Research Readout is a monthly series by the Institute for Public Relations and Ragan’s PR Daily spotlighting new and important research that every PR professional should know.
Research from Nneka Logan, associate professor at Virginia Tech, offers a new theory on how the business community can take responsibility for its role in the discussion of race.
Five state Republican-led legislatures recently passed bans on teaching critical race theory (CRT) or related topics in classrooms. Coinciding with these bans and with more likely to come, Nneka Logan, Ph.D., associate professor at Virginia Tech University, recently published a foundational article for our field in the “Journal of Public Relations Research,” outlining a new theoretical foundation influenced by CRT—the “Corporate Responsibility to Race Theory” or CRR.
Before diving into Logan’s theory, we should further examine CRT. Originating in the legal field in the 1970s, CRT rapidly expanded to other disciplines, according to Richard Delgado, one of the theory’s founders, and his colleagues. CRT posits that racism is embedded throughout social systems, and those who have most benefited from these systems have little incentive for change. It goes on to argue that these structures need to be acknowledged and studied.
Author Ta-Nehisi Coates calls racism, “an American-centered social construct,” in that it has been created and perpetuated by people. Despite the controversy surrounding CRT, critical theories, such as CRT and CRR, are important because they promote reflection and positive change. As someone who taught communication theory at a university, I believe these critical theories are the “light bulb” theories that encourage students to think critically about what Plato called the “shadows on the wall.”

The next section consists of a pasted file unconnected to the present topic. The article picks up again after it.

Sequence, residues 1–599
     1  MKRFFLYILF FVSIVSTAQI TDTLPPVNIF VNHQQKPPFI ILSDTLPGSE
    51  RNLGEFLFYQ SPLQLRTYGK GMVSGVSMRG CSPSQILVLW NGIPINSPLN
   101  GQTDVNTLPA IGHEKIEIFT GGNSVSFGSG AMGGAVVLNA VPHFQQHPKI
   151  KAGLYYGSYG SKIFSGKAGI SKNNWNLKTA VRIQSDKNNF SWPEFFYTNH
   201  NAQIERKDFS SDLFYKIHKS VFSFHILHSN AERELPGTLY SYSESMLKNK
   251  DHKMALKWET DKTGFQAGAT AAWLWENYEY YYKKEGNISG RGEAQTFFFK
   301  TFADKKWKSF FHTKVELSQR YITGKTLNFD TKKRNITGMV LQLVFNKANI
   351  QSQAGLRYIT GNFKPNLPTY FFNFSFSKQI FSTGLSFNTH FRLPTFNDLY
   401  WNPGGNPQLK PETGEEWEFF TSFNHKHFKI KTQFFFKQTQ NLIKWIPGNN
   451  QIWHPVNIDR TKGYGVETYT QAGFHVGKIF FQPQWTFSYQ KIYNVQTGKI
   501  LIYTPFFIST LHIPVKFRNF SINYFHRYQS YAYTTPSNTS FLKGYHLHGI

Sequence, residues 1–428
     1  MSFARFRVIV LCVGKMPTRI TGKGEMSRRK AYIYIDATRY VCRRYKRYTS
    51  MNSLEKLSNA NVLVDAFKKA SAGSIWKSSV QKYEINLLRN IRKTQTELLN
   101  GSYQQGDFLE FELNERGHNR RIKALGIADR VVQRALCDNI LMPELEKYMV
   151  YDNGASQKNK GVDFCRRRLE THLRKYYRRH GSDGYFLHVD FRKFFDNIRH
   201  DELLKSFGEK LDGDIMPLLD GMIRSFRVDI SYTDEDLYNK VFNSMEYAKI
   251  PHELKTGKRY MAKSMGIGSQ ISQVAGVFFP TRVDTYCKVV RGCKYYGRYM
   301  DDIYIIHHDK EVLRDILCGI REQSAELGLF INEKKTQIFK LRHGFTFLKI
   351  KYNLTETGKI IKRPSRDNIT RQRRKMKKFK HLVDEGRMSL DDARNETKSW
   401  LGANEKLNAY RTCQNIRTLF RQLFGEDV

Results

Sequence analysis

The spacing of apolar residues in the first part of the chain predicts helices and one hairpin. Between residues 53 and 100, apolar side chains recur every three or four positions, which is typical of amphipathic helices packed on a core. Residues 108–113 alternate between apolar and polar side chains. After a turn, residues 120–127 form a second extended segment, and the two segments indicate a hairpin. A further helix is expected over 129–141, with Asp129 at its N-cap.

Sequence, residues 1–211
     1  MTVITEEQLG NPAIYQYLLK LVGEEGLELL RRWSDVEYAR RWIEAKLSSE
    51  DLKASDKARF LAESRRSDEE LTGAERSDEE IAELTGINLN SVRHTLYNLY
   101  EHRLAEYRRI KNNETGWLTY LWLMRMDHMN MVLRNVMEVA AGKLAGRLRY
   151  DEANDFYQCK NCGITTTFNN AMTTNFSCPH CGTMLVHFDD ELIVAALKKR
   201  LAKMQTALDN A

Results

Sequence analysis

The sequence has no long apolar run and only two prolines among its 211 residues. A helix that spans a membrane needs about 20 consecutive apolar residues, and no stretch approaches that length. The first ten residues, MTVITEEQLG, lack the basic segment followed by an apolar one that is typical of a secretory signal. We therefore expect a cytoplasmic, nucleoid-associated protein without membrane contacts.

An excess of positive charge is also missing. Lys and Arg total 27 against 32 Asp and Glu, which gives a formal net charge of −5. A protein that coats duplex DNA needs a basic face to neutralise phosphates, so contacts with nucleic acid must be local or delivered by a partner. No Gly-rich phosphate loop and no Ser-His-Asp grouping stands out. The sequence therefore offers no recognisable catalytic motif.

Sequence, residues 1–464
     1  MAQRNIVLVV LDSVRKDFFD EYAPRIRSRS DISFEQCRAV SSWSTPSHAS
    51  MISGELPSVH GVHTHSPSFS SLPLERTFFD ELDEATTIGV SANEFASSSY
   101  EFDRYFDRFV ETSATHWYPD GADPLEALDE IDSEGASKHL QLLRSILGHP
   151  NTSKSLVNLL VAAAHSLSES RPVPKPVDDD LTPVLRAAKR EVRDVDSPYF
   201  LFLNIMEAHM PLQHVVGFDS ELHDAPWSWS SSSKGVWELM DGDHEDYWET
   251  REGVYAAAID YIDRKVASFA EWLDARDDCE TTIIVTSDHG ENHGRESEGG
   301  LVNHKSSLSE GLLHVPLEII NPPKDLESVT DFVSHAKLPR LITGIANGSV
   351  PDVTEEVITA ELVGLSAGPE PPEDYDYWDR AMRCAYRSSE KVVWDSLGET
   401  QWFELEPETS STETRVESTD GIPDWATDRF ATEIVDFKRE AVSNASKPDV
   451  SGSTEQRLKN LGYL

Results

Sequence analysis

Logan’s CRR theory aims the spotlight on how the corporation has historically “perpetuated and profited from racial oppression.” She contends that race is connected to power and ideology, and it should not be treated as an object to be managed.
“Race is a central factor in our lives whether or not we recognize it,” she says. “As communicators, we should proactively think about the racial implications of our work. It is important to consider how our work can contribute to a fairer and more just world, and theories like CRR help us to do that.”
The CRR theory has three premises:
1.) Corporations have a responsibility to support racial justice by communicating in ways that improve race relations because…
2.) Corporations are organizational forms that have emerged through processes of racism and racialization.
3.) Corporations have directly and indirectly perpetuated—and benefited from—racial discrimination and oppression, which has contributed to racial strife and social instability.
Logan’s theory is based on the intersection and roles of the corporation, race, and corporate social responsibility, which she reviews in her article. First, her article dives into the role of the corporation and its importance to society in a historical and legal context. She describes how today’s corporation emerged as a “form of corporate personhood” born of “appropriated racialized discourse” from the Fourteenth Amendment.